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So if we have a Bernoulli trial with the property that the accumulated number of successes is twice the accumulated number of failures and the ratio has never exceeded 2. Is the probability of this happening at the $3k$th trial:

$$P_{3k}=3^{k-1}(p^2q)^k ?$$

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Can you explain where your conjectured answer comes from? Also, your wording is slightly unclear. Do you mean to ask, "Assume that we are running Bernoulli trials with probability of success $p$, and $q=1-p$. What is the probability that, after $3k$ trials, the ratio of successes to failures is exactly $2$ and that at no point prior had the accumulated ratio of successes to failures been strictly greater than $2$?" If this is not what you mean to ask, then you are asking for some sort of related conditional probability, but I'm not sure which. – Aaron Sep 26 '12 at 6:38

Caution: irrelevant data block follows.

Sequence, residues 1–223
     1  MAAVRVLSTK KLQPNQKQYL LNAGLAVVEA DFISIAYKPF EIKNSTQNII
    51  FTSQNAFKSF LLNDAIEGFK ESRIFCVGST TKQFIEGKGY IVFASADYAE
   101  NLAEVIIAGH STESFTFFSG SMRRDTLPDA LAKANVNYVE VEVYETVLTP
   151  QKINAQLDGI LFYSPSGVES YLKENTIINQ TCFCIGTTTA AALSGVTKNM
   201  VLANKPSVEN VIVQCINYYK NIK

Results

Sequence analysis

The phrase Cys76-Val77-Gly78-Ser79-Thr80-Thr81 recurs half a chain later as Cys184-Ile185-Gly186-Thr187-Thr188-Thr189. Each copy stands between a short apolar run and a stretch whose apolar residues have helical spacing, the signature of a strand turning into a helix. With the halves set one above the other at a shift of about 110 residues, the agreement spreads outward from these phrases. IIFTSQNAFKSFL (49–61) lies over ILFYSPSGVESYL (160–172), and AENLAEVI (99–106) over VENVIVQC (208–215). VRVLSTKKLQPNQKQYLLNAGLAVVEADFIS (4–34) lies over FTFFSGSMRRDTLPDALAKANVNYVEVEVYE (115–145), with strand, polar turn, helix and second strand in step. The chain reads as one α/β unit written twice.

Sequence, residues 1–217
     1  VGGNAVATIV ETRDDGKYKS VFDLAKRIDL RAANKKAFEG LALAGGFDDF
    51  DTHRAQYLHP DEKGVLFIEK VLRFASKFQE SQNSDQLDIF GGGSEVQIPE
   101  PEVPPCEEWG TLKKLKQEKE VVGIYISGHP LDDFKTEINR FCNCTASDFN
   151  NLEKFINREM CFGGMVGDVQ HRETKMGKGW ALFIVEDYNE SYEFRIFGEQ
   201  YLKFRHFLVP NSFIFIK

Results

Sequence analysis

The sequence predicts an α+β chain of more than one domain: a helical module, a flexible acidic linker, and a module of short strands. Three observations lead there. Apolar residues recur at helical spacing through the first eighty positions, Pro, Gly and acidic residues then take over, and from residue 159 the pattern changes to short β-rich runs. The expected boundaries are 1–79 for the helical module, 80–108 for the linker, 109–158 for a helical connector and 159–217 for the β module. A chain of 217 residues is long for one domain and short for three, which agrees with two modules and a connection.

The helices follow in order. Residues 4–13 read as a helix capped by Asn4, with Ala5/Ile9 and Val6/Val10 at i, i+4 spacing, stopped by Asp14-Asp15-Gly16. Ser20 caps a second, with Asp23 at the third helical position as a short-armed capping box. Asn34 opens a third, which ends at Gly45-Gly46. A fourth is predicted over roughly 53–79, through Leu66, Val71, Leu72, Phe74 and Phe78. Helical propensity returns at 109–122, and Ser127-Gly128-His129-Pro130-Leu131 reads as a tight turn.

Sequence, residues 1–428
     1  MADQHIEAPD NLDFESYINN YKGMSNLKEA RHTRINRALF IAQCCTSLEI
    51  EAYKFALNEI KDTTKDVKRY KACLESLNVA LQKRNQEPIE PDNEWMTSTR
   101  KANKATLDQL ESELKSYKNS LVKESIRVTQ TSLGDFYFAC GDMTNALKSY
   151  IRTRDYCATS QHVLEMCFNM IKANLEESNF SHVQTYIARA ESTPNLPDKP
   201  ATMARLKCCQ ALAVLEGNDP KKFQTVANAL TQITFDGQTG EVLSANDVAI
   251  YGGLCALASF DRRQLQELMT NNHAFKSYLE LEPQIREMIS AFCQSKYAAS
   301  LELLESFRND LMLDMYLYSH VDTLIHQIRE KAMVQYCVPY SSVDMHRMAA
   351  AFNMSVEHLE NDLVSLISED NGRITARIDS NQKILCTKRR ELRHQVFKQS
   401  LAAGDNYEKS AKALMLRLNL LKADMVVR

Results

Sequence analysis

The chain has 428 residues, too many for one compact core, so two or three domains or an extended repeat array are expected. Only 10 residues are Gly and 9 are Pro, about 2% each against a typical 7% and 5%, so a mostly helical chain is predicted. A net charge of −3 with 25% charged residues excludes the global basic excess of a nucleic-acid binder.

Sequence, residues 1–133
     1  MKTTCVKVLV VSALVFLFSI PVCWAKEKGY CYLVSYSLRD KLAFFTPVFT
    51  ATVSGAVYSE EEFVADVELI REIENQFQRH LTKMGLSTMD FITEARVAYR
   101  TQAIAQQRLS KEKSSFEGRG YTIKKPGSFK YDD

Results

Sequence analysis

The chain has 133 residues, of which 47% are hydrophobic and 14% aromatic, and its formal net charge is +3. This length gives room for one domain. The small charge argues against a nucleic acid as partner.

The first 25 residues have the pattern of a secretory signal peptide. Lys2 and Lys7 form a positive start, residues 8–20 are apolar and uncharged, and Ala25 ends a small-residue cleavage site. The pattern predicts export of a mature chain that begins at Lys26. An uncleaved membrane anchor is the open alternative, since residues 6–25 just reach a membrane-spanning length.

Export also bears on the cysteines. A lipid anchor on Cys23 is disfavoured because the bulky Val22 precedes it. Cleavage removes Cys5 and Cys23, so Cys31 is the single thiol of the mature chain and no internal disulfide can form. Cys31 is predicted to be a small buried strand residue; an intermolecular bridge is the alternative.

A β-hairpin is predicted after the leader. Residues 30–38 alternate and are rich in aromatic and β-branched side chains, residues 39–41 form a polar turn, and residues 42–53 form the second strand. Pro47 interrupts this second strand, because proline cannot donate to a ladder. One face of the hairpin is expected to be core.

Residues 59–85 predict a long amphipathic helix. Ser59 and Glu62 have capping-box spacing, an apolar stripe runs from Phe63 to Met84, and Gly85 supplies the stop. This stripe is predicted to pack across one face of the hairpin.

up vote 1 down vote accepted

Taking Aaron's interpretation, when $k=3$, i.e. after $9$ steps, there are twelve possible patterns while your expression would suggest there are nine.

The expression should be $$\frac{1}{2k+1}{3k \choose k} (p^2 q)^k$$ related to OEIS A001764.

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and since the patterns can be reversed, this is also the probability that the ratio of successes to failures is exactly 2 and that at no prior point had the number of successes been strictly less than double the number of failures. – Henry Sep 26 '12 at 7:18

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